Suhail says that one of the main reasons that the festival tasted such phenomenal success is because it is the end result of the combined hard work of the entire city of Dubai. “The foundation of the brand was built on passion and team work. Nineteen years ago, I used to look after the sponsorships and I remember Shaikh Mohammed instructing us that if any private organisation contributes Dh1, they must receive Dh3 in return of value. It was his direction and strategy that drove the brand from day one and continues to do so till now,” she says.
Retail, Raffles and Entertainment
The success of DSF highlighted the unique business model of Dubai, which encourages the private sector to take a dynamic and central role in driving all-round development, says Alabbar. Prior to 1996, Dubai’s gold and jewellery merchants got together to form an association that would sponsor daily gold raffles. “When they were initially approached, they were baffled by the idea because you can’t give discounts in gold. They told us, ‘we are selling parity products, and how can we work together when we are all trying to compete against each other?’ They were shocked by the idea,” recalls Bhojani. “After a few round of meetings, the economic department signed its support towards the association, after which the gold retailers said they would sponsor a daily gold raffle of one kilo.”
A lot of work went into deciding entertainment options during the festival. “In 1996, we flew to India, looked at a 100-odd street performers and handpicked the best one and flew them down to Dubai for the festival,” says Bhojani.
According to Alabbar, the public sector only served as a facilitator for the DSF. “But it was the private sector, through their active participation, that shaped DSF as a spectacular success — highlighting the triumph of public-private partnerships as a development model in Dubai.”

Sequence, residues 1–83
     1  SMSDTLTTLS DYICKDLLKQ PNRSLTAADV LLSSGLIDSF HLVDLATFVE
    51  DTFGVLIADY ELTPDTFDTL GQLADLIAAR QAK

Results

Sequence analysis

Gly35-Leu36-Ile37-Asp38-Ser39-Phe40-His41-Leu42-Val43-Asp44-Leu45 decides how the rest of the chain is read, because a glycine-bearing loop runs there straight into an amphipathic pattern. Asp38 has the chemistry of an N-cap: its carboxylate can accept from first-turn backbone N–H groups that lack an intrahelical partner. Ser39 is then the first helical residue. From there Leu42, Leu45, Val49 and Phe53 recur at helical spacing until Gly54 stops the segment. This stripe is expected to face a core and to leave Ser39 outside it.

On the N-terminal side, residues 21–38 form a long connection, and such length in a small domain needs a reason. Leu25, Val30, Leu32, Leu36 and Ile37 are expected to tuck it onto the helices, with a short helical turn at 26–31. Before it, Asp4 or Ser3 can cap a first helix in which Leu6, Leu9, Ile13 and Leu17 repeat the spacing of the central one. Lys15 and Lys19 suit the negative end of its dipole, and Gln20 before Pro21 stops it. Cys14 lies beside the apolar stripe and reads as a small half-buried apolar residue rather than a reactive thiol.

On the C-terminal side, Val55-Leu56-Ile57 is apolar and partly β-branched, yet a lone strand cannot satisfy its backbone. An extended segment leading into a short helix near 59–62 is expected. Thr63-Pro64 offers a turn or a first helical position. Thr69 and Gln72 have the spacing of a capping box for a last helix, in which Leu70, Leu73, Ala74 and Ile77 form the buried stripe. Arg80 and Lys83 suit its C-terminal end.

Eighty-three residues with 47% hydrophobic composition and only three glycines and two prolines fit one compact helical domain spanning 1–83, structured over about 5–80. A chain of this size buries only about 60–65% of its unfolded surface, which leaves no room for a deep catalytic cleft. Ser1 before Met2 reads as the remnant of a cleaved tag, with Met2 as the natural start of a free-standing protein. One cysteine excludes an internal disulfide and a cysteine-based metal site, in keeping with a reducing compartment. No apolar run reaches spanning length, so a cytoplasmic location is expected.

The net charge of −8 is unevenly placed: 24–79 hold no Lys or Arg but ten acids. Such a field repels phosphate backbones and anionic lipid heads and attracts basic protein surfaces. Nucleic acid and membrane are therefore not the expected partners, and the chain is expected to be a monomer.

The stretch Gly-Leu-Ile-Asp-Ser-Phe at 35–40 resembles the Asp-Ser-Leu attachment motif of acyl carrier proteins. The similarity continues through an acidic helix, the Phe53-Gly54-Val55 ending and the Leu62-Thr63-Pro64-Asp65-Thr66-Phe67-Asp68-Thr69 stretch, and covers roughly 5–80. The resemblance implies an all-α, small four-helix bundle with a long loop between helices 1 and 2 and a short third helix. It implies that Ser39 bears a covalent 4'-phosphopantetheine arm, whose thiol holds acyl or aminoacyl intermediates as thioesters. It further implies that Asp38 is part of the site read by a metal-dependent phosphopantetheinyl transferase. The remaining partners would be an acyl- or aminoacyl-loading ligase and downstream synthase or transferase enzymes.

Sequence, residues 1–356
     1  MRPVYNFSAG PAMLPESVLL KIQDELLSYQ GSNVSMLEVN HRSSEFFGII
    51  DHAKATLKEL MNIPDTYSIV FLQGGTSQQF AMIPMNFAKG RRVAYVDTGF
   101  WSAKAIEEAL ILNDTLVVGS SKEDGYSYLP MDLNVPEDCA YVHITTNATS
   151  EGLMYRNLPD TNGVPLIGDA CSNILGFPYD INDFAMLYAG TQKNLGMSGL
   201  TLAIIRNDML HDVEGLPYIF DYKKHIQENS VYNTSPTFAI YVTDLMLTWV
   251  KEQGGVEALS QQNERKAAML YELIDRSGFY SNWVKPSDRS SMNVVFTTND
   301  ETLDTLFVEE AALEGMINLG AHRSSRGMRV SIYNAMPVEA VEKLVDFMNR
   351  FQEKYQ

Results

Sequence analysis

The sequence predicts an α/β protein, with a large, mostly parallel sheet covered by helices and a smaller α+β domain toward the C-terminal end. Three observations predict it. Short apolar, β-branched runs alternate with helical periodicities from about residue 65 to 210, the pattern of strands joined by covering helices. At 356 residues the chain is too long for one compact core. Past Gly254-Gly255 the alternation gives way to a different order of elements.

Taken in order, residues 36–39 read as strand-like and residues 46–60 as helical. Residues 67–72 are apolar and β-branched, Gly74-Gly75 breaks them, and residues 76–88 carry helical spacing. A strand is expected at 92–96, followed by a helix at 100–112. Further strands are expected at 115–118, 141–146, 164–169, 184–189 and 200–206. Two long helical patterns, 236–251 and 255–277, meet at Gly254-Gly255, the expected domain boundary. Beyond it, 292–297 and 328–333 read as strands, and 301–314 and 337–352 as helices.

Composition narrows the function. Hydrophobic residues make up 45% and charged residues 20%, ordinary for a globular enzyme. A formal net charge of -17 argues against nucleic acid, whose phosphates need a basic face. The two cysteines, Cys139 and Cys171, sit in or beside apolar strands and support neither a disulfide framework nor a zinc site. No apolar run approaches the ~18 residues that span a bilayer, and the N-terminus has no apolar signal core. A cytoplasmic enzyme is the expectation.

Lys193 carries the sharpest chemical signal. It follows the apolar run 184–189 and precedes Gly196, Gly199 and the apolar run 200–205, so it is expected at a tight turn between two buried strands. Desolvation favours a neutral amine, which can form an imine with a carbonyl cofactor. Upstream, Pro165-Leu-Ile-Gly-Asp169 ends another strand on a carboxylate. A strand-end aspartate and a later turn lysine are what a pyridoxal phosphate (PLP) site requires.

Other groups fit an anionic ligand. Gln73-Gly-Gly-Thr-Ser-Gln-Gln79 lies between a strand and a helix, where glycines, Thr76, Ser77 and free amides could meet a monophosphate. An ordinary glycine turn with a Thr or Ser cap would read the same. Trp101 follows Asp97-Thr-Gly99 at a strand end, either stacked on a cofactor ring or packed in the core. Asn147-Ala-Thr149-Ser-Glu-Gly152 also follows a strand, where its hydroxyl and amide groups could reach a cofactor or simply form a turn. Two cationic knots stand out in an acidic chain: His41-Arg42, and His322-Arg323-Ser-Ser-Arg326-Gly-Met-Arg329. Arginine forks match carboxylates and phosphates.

In the coming years, Bhojani says, the festival will continue to gain strength, leveraging Dubai’s central location and enhanced airline connectivity, and the fantastic growth of its shopping mall sector, to be the world’s must-visit family attraction.
The festival itself needs a little bit of a refreshing. “Dubai has moved away from last price to top quality. All the big luxury brands are being sold here. There is Louis Voitton, Cartier, and none of them are ever on sale. Dubai is not offering a discount; it is offering more in term of ‘firstness’. It has the widest choice in terms of luxury. Even visually the brand could do with a little bit of refreshing,” says Bhojani.
Suhail says the DSF has become a pioneer brand. “We’ve set a benchmark for festival organisation world over. When we started DSF, the whole city was different. There were three shopping malls and today we house the world’s biggest shopping mall. The festival has to match the expectations of the city with more attractions coming in and we need to cater to the expansion. It is not about offers, promotions or discounts any more. We are showcasing our uniqueness.”
“In many ways, the relevance of DSF goes beyond its success as a shopping and entertainment event. It underlined for the first time Dubai’s can-do ability to host large-scale events, which is now reiterated with the successful bid to host the World Expo 2020,” says Alabbar.
Attracting hundreds of thousands of family visitors, he says, from across the Middle East region, the Indian Subcontinent and Europe, the inaugural DSF also set the stage for defining Dubai as the ‘beacon of hope’ for the Arab world, a city where positivity triumphs.